Three artificial intelligence and tech tools trying to boost people’s mental health | Tech Industry
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If you’re looking for it, there is plenty of bad news in the tech world. From concerns about hacking and identity theft to a 2017 survey out of England that ranked Instagram as “worst for young people’s mental health” compared to four other social platforms, it can be enough to make you want to become a Luddite.
But the other side of the issue might be able to put a smile on your face: Tech companies and researchers are turning to AI and other software to try to solve just about any problem you can think of, from identifying fake news, to noticing if someone falls, to looking for ways to speed up the amount of time an MRI scan takes.
Some companies are building software to help you change your thoughts for the better or even analyze a voice for signs of depression.
For example, Woebot is a cute chatbot app designed to be an on-call emotional helper.
It’s free, and looks like a texting application, like iMessages. The chipper ‘bot asks questions like “Got a second to reflect on what you’re grateful for today?” It can also graph your moods over time, or teach the user about “all-or-nothing thinking” statements like “Nobody likes me ever.”
Launched last year, the chatbot is clearly no human therapist; its responses are scripted, and it’s not going to fool anyone into thinking it’s a real person. But it is not designed to replace one. Instead, the point is to help people who may not need a mental health clinician, or those who don’t have access to one at the moment. It’s a resource for people who are having a panic attack in the middle of the night, for example.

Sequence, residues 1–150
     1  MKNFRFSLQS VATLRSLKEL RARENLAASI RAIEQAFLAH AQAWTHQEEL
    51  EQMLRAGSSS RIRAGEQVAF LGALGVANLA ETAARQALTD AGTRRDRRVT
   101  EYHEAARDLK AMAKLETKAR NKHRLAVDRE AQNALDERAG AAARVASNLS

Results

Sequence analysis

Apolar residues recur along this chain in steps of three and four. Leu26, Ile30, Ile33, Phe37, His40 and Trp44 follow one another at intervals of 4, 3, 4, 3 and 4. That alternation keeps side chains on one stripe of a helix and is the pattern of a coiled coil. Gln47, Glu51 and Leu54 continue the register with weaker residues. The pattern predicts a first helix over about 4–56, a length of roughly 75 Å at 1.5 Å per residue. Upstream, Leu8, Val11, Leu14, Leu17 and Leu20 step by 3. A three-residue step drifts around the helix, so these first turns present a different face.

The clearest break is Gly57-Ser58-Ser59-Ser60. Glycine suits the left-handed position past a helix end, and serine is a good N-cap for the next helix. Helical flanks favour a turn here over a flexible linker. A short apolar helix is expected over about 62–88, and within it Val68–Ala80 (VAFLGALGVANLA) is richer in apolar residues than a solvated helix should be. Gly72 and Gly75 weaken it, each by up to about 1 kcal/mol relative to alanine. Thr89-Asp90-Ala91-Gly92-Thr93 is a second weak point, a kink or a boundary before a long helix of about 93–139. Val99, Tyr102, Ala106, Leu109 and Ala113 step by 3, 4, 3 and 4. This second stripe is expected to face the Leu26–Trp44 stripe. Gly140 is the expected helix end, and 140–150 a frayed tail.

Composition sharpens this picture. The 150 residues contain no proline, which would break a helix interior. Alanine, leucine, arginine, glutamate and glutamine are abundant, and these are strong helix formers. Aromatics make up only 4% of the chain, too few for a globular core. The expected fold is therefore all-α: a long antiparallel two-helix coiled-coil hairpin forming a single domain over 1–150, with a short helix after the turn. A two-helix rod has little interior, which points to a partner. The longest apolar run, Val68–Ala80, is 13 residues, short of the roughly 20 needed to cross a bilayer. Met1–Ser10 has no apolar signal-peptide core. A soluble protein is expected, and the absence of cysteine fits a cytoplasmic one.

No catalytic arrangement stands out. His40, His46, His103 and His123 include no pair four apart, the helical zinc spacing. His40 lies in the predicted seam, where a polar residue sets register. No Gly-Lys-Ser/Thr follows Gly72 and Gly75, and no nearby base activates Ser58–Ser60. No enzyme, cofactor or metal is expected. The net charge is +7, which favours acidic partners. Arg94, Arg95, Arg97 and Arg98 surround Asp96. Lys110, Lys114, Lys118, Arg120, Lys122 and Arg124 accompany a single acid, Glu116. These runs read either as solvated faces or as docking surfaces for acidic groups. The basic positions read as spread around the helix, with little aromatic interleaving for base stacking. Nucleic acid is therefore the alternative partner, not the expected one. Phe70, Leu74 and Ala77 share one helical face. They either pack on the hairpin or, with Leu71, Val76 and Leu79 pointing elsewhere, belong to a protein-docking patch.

“It’s designed to be mental health for everyone,” says its creator, Alison Darcy, a psychologist and the founder of Woebot Labs. “We’re really trying to encourage a cultural shift towards this acknowledgment that everybody has mental health and everybody need to look after it every day.” It is not intended to diagnose a mood disorder—that’s the purview of a clinician.
“Mental health is one of the best use cases for AI because we don’t have enough clinicians,” Darcy says. It’s a way of “task-shifting,” or moving some of the burden of work from humans to an app like Woebot that doesn’t ever sleep—and doesn’t send a bill.
Another app in the same general category is called Talkspace, although it connects people with real human therapists, not a chatbot. Patients communicate with professionals via long text messages, audio notes, video messages, or live video conversations. Plus, Talkspace uses the platform’s own de-identified, aggregated data to give the therapists recommendations they can choose to accept or ignore, like suggesting that they send a recorded video message at a certain time, according to Neil Leibowitz, the company’s chief medical officer.
Then there’s a company called Cogito, born out of the MIT Media Lab. It makes AI-powered software that’s designed for call centers—more on that in a bit. While that’s their main focus, they also do work involving veterans.